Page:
I didn’t make a bad decision about my career; the problem was I didn’t trust my decision. I felt I was missing out, and I was always searching for a way to simultaneously have a family, get Josh through training and have my own career. I teased myself constantly, wondering if the right job was out there, just one Google search away; and I wasted hours looking at jobs I knew I wouldn’t apply for. What I see now is that I was doing the right thing by focusing on our young children and my husband’s training. My fear of missing out on the perfect job blocked finding the joy in what I was currently doing with my time. When I changed my thought to: “I’ve made the best decision for our circumstances,” I began to feel differently. Learning to embrace my decision rather than fighting it brought me peace.

Being kind to myself

By the middle of Josh’s third year of medical school, we had three boys, ages four, two and seven months. Our oldest son was in speech therapy and still struggling to say words like “milk.” It was super challenging and frustrating trying to communicate with a strong-willed little person who was unable to say what he needed to say. Our youngest, a happy baby overall, had several ear infections and needed ear tubes. Our middle child had a large brain tumor removed that year, and he had many physical delays, which required a lot of physical and occupational therapy for the next few years. He barely had the strength to sit up when he came home after his hospital stay. He could no longer walk or run. He fell frequently and had a helmet he was wearing full time, except while sleeping.

I will never forget standing at the bottom of our stairs, Josh absent on rotations, heavy seventh-month-old on one hip, a screaming four-year-old trying to express his needs, and my two-year-old asking me to pick him up because the stairs were difficult to maneuver after his operation. I was pushed to my limit emotionally and physically. I wanted to quit.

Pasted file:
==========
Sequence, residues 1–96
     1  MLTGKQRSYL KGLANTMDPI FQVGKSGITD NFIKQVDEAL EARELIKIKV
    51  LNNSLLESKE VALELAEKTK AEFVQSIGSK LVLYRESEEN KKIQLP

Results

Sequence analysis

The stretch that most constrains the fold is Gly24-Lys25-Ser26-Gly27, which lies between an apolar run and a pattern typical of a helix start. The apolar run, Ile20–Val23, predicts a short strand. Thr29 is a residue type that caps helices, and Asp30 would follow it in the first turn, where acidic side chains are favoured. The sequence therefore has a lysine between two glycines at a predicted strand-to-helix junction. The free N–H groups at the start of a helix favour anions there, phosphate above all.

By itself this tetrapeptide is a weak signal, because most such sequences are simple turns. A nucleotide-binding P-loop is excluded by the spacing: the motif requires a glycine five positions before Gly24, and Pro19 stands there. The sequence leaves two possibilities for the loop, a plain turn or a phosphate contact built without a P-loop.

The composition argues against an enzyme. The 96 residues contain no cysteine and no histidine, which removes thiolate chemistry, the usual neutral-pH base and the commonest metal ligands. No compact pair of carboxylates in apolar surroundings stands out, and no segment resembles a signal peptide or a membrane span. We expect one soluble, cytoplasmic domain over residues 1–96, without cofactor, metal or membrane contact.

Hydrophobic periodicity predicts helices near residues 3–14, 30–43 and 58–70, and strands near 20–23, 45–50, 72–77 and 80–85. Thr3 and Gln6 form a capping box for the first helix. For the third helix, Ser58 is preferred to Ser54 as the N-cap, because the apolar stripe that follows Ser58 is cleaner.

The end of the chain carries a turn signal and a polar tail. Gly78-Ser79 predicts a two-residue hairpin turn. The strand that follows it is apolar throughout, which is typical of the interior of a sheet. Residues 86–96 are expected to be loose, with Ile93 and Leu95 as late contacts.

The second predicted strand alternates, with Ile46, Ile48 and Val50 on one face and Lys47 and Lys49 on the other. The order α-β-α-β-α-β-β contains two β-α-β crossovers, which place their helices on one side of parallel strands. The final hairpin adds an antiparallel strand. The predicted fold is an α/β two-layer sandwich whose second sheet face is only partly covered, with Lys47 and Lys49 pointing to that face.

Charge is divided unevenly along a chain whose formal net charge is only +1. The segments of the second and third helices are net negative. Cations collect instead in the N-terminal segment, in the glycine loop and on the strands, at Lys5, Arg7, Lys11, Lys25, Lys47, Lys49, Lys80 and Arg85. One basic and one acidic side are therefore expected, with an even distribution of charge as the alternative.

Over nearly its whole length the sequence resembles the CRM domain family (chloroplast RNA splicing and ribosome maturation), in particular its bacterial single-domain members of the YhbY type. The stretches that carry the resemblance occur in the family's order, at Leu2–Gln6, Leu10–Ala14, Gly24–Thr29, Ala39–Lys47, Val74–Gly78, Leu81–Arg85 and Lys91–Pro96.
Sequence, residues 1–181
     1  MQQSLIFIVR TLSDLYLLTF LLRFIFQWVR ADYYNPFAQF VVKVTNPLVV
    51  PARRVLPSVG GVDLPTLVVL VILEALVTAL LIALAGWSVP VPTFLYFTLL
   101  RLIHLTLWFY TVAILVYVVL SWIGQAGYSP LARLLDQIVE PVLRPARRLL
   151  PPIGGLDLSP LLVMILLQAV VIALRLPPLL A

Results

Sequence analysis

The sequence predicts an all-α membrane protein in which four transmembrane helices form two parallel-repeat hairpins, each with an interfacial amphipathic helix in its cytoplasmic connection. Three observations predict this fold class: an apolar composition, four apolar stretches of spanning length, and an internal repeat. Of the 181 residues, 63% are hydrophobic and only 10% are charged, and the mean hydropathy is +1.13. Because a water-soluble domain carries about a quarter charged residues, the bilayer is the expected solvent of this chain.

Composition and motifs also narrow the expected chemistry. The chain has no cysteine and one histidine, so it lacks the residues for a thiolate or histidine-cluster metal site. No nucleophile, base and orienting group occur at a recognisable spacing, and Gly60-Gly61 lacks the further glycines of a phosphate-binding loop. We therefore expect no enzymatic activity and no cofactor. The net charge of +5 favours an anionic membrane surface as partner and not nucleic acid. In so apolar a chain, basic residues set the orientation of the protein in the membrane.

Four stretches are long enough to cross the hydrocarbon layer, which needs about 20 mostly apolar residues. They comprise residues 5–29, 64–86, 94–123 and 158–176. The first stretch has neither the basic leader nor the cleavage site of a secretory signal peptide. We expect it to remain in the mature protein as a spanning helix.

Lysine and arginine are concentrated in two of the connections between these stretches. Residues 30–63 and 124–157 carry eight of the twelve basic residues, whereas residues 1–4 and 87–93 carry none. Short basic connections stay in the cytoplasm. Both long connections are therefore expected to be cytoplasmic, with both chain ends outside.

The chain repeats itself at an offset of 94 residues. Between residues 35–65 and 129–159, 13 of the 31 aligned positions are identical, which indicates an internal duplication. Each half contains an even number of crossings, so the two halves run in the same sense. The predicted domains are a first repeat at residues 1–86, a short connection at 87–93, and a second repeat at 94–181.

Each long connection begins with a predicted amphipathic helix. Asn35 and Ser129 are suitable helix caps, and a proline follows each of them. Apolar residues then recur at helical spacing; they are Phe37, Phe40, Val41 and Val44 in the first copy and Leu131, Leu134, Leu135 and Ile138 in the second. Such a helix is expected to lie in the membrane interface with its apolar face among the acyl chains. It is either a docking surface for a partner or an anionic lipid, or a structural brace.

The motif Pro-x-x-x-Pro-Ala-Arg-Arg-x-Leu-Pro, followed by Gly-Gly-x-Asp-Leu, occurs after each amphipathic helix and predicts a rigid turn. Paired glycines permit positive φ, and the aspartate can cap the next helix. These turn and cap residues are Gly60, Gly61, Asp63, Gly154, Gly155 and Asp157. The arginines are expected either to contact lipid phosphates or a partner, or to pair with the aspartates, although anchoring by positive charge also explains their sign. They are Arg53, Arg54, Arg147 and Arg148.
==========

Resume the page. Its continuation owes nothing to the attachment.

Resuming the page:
I would, however, think back to my junior high cross country coach who would yell, “I don’t care how slow you are going, you just don’t quit! Don’t start walking! You keep going until the race is over.” That’s how I got through the next year and a half. I just didn’t quit. My run was slower than most people walk, but I was still going.

Was I amazing? Yes. Yes, I was. I see that now with time and perspective; but sadly at that moment, I couldn’t see it. I was extremely judgmental of how I handled things. I thought I needed to be the perfect wife, mom, housecleaner, money manager, costume-maker, soccer mom, healthy menu-planner, and blogger. Not to mention go to church, keep up with my extended family, and take the kids regularly to the dentist and therapy, oh! and have a great holiday card where we looked at the camera in color-coordinated outfits.

Clearly, that was ridiculous. I have learned that sometimes a seven out of 10 is not bad. To me, that means if the living room is clean, but the bathroom isn’t, that is OK. If the laundry is clean but not folded neatly in drawers, that is OK! If Josh only attends one game out of the season, or the last few minutes of a birthday party, I will take it! If we choose not to sign up for city sports, I trust that decision and value the downtime.

Now, I do my best to own and not question the decisions we have made, and I attempt to show myself a little kindness. Most importantly, I no longer feel resentment toward my husband or his career. In fact, I am proud of him and genuinely interested in his work. As for the title, “doctor’s wife,” well, I’ve embraced that too.

Lara McElderry is founder, Married to Doctors.

Image credit: Shutterstock.com